Like nearly everyone else I read Wolf Hall, Bring Up the Bodies and The Mirror and the Light initially with excitement and latterly with keen anticipation. What an achievement! That DBE was richly deserved.
But of course Mantel had been a respected author for decades before she hit the high spot and became a household name. Reading her obituaries last month reminded me of this and inspired me to go in search of some of her pre-Wolf Hall work.
I found her 1995 An Experiment in Love on the shelves in my sitting room, a bit dusty and crying out to be reread. To my surprise it is a signed copy. Years ago I used to rub shoulders with Mantel at Royal Society of Literature meetings so perhaps I bought it in one of those occasions. I’m afraid I don’t remember.
Three very different young women arrive at a London student hostel in the late 1960s when the pill has just landed and abortion is legal in a limited way. Sex is very much on the agenda. They have all attended the same schools in the same northern town. It’s a retrospective first person novel whose narrator, Carmel – a diligent law student – is thinking back to the 1960s and while there she remembers growing up in the 1950s.
Karina, is the daughter of immigrant parents, presumably Eastern European Jews but Carmel is not sure. She doesn’t bother to make herself likeable and is an enigmatic character given to grotesque overeating. Julia, the medical student, with whom Carmel room-shares is more flamboyantly straightforward. As she drives the narrative forward, Carmel who has difficult parents and little money becomes dangerously anorexic, especially after she is ditched by her boy-friend from home.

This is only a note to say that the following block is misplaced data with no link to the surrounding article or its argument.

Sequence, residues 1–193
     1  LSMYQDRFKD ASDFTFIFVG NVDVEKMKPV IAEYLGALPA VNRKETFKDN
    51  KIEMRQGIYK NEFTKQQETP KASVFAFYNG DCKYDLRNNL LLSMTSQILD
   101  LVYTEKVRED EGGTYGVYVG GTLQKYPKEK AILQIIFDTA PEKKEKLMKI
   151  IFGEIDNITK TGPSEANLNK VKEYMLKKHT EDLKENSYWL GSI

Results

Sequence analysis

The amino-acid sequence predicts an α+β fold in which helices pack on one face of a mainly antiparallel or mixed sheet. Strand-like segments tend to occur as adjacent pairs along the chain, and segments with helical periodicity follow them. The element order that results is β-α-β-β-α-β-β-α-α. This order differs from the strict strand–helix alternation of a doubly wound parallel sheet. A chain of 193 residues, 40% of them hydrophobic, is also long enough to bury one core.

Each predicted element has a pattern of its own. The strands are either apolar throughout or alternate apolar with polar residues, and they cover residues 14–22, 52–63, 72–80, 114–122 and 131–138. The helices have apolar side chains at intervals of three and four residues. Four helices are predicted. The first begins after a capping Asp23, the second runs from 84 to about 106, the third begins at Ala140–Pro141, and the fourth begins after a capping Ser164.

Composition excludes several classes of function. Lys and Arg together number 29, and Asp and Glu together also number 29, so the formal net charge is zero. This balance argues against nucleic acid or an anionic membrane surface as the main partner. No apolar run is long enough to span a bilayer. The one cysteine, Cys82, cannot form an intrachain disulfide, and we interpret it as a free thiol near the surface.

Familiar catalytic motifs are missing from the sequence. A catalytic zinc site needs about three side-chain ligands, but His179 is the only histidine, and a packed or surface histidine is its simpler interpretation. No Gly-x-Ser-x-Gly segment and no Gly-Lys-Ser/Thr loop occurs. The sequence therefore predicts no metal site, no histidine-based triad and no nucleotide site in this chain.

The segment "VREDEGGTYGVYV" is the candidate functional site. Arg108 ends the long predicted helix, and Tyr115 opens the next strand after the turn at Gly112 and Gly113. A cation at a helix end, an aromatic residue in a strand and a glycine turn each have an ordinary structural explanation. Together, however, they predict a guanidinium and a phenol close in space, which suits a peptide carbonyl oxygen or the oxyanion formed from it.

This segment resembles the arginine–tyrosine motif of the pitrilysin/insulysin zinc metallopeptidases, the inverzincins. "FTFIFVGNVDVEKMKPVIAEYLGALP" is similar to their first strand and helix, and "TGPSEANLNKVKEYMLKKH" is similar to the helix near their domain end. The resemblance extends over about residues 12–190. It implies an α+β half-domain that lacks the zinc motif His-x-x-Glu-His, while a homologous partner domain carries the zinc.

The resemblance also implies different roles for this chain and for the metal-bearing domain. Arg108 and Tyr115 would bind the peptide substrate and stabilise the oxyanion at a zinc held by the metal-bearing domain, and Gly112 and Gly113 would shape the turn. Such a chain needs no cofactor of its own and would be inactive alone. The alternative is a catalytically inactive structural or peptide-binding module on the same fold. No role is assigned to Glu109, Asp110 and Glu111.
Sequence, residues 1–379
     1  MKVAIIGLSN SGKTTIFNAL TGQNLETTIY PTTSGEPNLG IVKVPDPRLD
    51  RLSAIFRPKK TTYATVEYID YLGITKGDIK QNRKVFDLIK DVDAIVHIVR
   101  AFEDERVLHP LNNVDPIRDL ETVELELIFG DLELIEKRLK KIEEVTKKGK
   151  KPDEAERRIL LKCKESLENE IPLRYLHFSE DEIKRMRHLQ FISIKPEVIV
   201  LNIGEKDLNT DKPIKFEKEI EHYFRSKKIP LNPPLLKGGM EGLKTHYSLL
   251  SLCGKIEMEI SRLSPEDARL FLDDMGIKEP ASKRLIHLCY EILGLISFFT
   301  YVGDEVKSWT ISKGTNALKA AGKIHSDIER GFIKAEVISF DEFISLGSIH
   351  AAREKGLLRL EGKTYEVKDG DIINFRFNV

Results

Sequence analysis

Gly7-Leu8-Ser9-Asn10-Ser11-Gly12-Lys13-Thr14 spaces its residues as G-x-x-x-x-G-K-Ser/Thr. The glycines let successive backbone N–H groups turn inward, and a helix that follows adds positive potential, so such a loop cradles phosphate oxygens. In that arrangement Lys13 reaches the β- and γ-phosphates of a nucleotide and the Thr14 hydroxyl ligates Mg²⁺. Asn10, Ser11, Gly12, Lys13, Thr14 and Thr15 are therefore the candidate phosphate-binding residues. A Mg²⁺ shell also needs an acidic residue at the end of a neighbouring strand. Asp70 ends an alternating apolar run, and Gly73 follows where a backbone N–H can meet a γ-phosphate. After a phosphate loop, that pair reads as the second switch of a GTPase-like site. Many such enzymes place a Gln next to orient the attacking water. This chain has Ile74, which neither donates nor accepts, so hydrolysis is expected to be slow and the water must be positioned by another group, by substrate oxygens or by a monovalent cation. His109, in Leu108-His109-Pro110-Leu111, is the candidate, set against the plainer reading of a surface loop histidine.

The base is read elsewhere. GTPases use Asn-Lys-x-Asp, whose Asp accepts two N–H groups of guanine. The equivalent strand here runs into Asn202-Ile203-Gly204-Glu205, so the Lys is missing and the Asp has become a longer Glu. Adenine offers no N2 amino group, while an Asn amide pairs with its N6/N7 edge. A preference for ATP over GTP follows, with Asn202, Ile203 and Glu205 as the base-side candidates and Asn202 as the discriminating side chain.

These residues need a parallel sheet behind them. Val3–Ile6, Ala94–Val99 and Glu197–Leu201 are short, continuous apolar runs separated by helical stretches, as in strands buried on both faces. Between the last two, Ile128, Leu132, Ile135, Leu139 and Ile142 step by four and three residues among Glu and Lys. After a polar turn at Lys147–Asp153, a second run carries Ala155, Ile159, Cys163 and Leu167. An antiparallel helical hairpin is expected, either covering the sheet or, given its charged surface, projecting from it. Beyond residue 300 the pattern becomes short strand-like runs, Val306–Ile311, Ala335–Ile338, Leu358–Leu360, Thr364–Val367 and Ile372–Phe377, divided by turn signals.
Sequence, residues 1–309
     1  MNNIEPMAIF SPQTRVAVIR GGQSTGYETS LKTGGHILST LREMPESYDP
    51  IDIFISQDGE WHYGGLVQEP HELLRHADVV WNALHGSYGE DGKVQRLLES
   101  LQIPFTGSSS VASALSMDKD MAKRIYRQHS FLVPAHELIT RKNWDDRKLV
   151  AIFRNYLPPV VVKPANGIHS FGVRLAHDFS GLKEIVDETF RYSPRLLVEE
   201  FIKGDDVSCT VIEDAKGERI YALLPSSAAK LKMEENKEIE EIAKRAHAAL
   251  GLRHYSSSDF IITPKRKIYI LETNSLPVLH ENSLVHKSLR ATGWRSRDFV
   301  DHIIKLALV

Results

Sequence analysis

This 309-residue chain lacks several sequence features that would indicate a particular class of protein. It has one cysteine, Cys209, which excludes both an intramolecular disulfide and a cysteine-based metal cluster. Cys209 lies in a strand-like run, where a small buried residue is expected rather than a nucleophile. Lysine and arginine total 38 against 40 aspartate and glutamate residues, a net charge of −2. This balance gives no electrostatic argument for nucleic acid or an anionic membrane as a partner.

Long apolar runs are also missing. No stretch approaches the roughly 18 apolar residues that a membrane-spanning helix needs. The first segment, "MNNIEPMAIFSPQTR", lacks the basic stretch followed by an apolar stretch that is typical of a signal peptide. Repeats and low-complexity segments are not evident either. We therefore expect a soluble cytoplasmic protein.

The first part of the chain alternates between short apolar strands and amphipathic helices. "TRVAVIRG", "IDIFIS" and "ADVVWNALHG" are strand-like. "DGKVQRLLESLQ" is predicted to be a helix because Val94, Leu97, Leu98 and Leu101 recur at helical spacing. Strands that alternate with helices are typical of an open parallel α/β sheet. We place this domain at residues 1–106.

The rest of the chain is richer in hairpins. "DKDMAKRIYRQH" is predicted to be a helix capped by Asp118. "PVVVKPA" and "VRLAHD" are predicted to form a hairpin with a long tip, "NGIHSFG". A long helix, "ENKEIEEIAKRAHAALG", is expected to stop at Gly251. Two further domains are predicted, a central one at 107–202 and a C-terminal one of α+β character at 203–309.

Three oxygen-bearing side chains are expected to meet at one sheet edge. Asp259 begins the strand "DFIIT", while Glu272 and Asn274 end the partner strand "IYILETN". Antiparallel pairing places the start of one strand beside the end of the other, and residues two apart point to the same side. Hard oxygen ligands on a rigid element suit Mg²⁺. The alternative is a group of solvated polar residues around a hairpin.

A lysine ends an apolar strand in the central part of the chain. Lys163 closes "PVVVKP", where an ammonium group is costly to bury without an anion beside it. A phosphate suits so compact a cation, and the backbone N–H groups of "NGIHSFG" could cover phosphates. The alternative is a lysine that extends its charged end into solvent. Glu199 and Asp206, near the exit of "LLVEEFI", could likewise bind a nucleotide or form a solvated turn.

There’s a pretty compelling plot which culminates in a dramatic, unexpected (to me anyway because I’d forgotten the details) climax. But what struck me most forcibly about this novel is the sheer, glittering brilliance of Mantel’s writing and its attention to detail: “Among the monochrome of their overcoats and mackintoshes you would see the fuschia or bluebird-coloured flash of a sari or shalwar-kameez” or “stacks of stiff shirts bound in Cellophane, from which they lifted jerseys with their arms strait-jacketed by cardboard in every size from dwarf to gross.” It’s so vivid it’s almost photographic and pulled me up short again and again as I read this novel.
Carmel – as Mantel did – passes the 11 plus and progresses to an old fashioned convent grammar school. Referring to one of the 11 plus papers she comments that “Intelligence was about picking the odd one out: beetroot, asparagus, cabbage pea. Hen, cow, jaguar, pig; pilot, fireman, engineer, nurse.” I remember that so well. We used to have whole books of these tests to practise with at home.
Another of the many things she evokes for me is grammar school uniform and going to buy it. “The shoe was brown, its toe was round, it had a bar across like an infant’s shoe. It had a sort of shelf running around it, a running board; its sole looked an inch thick” Yes! Although she doesn’t say so these least fashionable items of footwear were called “Clarks Indoor Shoes”. They were indeed hideous but, with hindsight. comfortable and practical and I suppose they helped to protect our growing toes from the sort of distortion we would have liked to force on them. I love the totally accurate “running board” comparison.
So it’s a coming of age novel and some of this detail, must – absolutely must – be rooted in Mantel’s own experience. Read or reread it for the sense of period and the unusual, unpredictable characters which people the narrative.
Next week on Susan’s Bookshelves: The Smallest Man by Frances Quinn